Last year, a group of New York City high schools saw a 42 percent increase in the number of financial aid forms their high school seniors completed, and an 18 percent increase in the number of students who didn’t just apply to college, but also ended up enrolling in the fall of 2015.
These 21 schools have their advisers from NYU College Advising Corps to thank.
The College Advising Corps and its partner sites, including NYU, aim to increase the number of low-income, underrepresented, and first-generation college students who enter and complete higher education. NYU places recent college graduates as full-time college advisers in high-need New York City high schools to help students through all steps of the college application process.
“The College Advising Corps provides the opportunity for students to gain access to a world of postsecondary education that has historically been beyond the reach of low-income students due to deeply-engrained systemic challenges at play in New York City and across the country,” said Alisha Ali, who leads NYU College Advising Corps and is an associate professor of applied psychology at NYU Steinhardt.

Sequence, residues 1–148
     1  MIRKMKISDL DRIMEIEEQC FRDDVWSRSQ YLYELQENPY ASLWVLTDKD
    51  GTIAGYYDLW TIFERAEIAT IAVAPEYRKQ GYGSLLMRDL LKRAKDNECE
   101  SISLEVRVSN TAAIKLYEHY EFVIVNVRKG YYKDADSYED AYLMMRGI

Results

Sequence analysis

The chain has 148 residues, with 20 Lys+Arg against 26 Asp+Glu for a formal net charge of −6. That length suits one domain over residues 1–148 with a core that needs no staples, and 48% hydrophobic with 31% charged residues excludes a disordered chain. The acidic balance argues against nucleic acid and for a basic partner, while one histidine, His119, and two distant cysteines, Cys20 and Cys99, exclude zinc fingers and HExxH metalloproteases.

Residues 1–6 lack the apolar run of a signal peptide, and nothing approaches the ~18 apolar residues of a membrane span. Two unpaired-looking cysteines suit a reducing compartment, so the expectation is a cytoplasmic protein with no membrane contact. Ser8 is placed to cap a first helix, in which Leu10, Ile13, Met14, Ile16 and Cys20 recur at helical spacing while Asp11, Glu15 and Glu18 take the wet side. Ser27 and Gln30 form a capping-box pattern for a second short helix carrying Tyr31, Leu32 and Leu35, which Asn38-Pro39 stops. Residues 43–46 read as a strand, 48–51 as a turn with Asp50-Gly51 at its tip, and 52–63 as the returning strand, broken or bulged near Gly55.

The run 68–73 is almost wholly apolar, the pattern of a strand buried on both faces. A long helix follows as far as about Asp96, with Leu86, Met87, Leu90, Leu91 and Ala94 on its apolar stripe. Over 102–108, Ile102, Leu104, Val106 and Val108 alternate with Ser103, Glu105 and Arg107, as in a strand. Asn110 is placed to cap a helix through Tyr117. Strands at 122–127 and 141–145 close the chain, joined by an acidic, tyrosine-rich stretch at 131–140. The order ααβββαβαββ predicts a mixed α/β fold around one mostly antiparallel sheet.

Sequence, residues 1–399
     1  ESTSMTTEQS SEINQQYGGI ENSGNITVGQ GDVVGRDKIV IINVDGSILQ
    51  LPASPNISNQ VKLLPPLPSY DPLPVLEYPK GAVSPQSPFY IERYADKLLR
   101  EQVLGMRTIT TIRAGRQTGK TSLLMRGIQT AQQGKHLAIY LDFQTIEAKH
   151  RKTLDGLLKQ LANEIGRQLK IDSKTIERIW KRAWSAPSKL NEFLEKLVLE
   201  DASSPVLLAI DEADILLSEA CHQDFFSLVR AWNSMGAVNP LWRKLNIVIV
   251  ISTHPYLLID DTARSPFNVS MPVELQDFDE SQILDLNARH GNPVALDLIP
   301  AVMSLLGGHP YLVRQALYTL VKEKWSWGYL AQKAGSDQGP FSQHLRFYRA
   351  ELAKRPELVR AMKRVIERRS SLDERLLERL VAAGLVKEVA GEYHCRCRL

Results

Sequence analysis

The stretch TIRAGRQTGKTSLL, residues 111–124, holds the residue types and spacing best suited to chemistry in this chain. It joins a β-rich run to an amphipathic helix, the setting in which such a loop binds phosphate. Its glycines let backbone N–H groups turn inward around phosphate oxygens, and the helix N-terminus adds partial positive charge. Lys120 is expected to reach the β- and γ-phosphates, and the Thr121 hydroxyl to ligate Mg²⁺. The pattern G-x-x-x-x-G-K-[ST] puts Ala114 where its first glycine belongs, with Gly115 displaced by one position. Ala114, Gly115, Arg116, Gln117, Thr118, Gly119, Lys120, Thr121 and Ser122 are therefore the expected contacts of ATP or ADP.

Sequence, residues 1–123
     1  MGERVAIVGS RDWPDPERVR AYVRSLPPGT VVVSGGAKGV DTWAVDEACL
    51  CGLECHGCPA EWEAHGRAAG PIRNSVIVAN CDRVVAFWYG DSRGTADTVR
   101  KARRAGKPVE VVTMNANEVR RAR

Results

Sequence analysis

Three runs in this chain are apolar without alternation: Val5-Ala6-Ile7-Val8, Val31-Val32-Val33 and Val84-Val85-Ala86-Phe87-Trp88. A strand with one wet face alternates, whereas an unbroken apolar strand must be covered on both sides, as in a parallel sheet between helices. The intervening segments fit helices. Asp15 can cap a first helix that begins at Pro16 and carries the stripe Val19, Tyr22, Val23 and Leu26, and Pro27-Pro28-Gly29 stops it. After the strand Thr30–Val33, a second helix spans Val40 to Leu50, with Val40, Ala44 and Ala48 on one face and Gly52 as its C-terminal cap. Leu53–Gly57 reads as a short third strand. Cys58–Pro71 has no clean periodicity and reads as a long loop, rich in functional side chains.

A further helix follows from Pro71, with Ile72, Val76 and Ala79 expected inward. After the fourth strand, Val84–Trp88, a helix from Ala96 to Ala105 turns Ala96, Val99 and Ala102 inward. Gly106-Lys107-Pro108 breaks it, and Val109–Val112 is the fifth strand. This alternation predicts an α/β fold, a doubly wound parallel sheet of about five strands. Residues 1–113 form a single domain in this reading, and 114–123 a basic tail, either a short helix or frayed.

Advisers – who undergo intensive training – provide the guidance and encouragement that many students need as they journey through the complex web of college admissions and secure financial aid.
“From navigating college admissions to assisting students and their families with financial aid and scholarships, our advisers become experts, mentors, and student advocates,” said Aileen Moner, program director of NYU College Advising Corps. “Our advisers’ goal is to help their students make their college applications as strong as possible.”
Advisers also work closely with school staff and administration to foster a college-going culture within the schools they serve.
“Counselors, especially in urban schools, are often stretched very thin. In addition, not all school counselors are specifically trained in college access, but that’s where our advisers can come in to partner with staff in supporting students throughout the process,” said Moner.
NYU has been part of the College Advising Corps since 2011. The program has grown from 12 advisers in 12 New York City schools during the 2011-12 school year to currently having 24 advisers in 21 partner schools. The new funding will sustain the program at 24 advisers for the next three years.
“We are honored and excited to continue the vibrant partnership with NYU and our school partners in the City. Together, we are increasing opportunity for students and building a pipeline to produce the strong and diverse workforce needed for the future,” said Nicole Hurd, founder and CEO of College Advising Corps.